One big disagreement at the political level of the Commission seems to relate to the remedies available to authorities when they find market abuses and especially the possibility to demand structural separation of different parts of these companies, commonly referred to as ‘forced break ups’. Commissioner Breton is one of its proponents, but Vice-President Vestager seems to believe it would be “too far-reaching”.
Rumours about what to expect from these new policies change every day, and it seems that the Commission will be working up until the last minute to finalise the details. Tomorrow’s presentation of the proposals by the Commission is also just a first step: the European Parliament and Council will then discuss and amend them before the three institutions come together to find a common position via the trilogue process. It is highly likely that these discussions will be long and arduous. What is clear so far is that corporate lobbying to influence them has already started.
Who has been lobbying?
The quick and simple answer is Big Tech firms, with Google leading the pack.
This is clear from the lobby meetings proactively disclosed by the upper echelons of the Commission (commissioners, their cabinets, and directors-general). Since the start of the Von der Leyen Commission, 158 meetings were logged as including discussions on the DMA or DSA Sidenote Source: Integritywatch.eu, Data checked 08/12/2020, Meetings filtered by issues: Competition, Digital Competition, Digital Services Act, DSA, Digital Markets Act, DMA, Digital Package, Digital Policy, Digital Agenda, Gatekeepers, Platforms, Digital Economy. For meetings logged only with the subject ‘competition’, CEO filtered out lobbyists whose business is not likely to be affected by the DMA (ie. companies not active in the digital market or when referencing other economic areas). .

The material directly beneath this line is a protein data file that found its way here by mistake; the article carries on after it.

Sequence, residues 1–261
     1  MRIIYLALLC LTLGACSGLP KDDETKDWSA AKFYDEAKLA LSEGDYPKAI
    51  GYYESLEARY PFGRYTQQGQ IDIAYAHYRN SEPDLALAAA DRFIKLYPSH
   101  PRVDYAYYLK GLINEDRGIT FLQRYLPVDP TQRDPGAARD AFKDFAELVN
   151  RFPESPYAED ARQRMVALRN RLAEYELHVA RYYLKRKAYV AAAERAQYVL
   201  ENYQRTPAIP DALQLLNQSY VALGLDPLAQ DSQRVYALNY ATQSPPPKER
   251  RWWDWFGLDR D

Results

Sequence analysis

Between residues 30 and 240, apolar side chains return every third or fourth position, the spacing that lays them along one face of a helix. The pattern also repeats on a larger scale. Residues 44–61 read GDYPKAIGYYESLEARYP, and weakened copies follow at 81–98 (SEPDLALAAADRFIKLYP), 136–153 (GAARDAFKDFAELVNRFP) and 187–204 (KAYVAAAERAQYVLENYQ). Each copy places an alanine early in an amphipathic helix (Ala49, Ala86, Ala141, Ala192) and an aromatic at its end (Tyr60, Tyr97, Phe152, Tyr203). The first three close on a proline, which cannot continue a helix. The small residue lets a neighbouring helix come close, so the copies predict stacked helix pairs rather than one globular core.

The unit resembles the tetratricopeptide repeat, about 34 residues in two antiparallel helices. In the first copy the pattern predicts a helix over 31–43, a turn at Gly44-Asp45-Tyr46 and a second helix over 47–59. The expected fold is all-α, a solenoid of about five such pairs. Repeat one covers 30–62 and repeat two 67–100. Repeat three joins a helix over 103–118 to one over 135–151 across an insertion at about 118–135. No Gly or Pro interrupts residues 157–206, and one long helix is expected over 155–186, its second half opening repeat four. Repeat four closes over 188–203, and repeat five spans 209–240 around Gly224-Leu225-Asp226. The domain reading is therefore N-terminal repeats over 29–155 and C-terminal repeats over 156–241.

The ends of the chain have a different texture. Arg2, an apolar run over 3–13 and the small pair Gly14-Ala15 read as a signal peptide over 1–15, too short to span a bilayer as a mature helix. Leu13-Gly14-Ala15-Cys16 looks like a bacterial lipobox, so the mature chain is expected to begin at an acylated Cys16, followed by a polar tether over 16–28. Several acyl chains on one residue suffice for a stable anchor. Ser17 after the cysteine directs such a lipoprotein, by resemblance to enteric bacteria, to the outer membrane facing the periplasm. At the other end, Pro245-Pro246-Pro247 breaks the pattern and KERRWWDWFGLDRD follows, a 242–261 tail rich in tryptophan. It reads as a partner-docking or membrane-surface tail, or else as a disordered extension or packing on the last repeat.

These meetings involved 103 organisations, mostly companies and lobby groups. Only 13 actors had at least 3 or more meetings logged on these issues. Google stands out with the most meetings with Microsoft and Facebook trailing close behind. Apple and Amazon have also lobbied on the DMA and/ or DSA, although they rank lower overall with two and one meeting respectively.
|American Chamber of Commerce to the European Union (AmCham EU)||4|
|Bureau Européen des Unions de Consommateurs (BEUC)||4|
|eu travel tech||4|
|European Magazine Media Association (EMMA)||4|
|European Newspaper Publishers' Association (ENPA)||4|
|Spotify Belgium SA||4|
|Facebook Ireland Limited (FB-I)||3|
Two lobby groups rank high: DigitalEurope and the American Chamber of Commerce to the European Union - Big Tech firms are members of both.
Other business interests have also been active: eu travel tech, the lobby group representing companies like Booking.com; Snap.Inc, the company owning Snapchat; the European music streaming service, Spotify; the technology investor Prosus; the European newspaper publishers' association (ENPA) and the European Magazine Media Association (EMMA); and the media and marketplace group, Schibsted ASA.
Google stands out with the most meetings with Microsoft and Facebook trailing close behind.
Only one NGO – the umbrella organisation of european consumer associations, BEUC - features on the list of top lobbyists on the DMA / DSA, with all other spots being taken by corporate interests. Other NGOs have been active too although with less access: Reporters Sans Frontiers, the European Digital Rights network (EDRi), and the Electronic Frontier Foundation, all had two lobby meetings.
This list gives us a glimpse of who has been active in this lobby battle so far, though it is far from complete. To start with, it doesn’t cover meetings with the Commission officials who are actually writing the proposals. Only the highest levels of the Commission (about 10 per cent of the whole staff) proactively publish their lobby meetings. On top of that, those that should publish their meetings often do so very late: Vice-President Vestager, for instance, hasn’t logged a single meeting since mid-October Sidenote Checked 08 December 2020 .
And these meetings don’t include the last minute lobbying frenzy apparently underway, directed at the highest echelons of the Commission. Google’s CEO, Sundar Pichai, for instance, has been in touch with at least two commissioners in the past weeks, Breton and Jourová. This is not to mention the meeting that took place on 2 December between Commissioner Breton and representatives of Google and Youtube (both belonging to Alphabet), Apple, Amazon, Facebook, and TikTok, alongside European companies like Booking.com (full list here). It seems that the Big Tech firms might have luck on their side as they didn’t even have to ask for this meeting: it was Breton himself who took the initiative to invite them to discuss the draft proposals with him.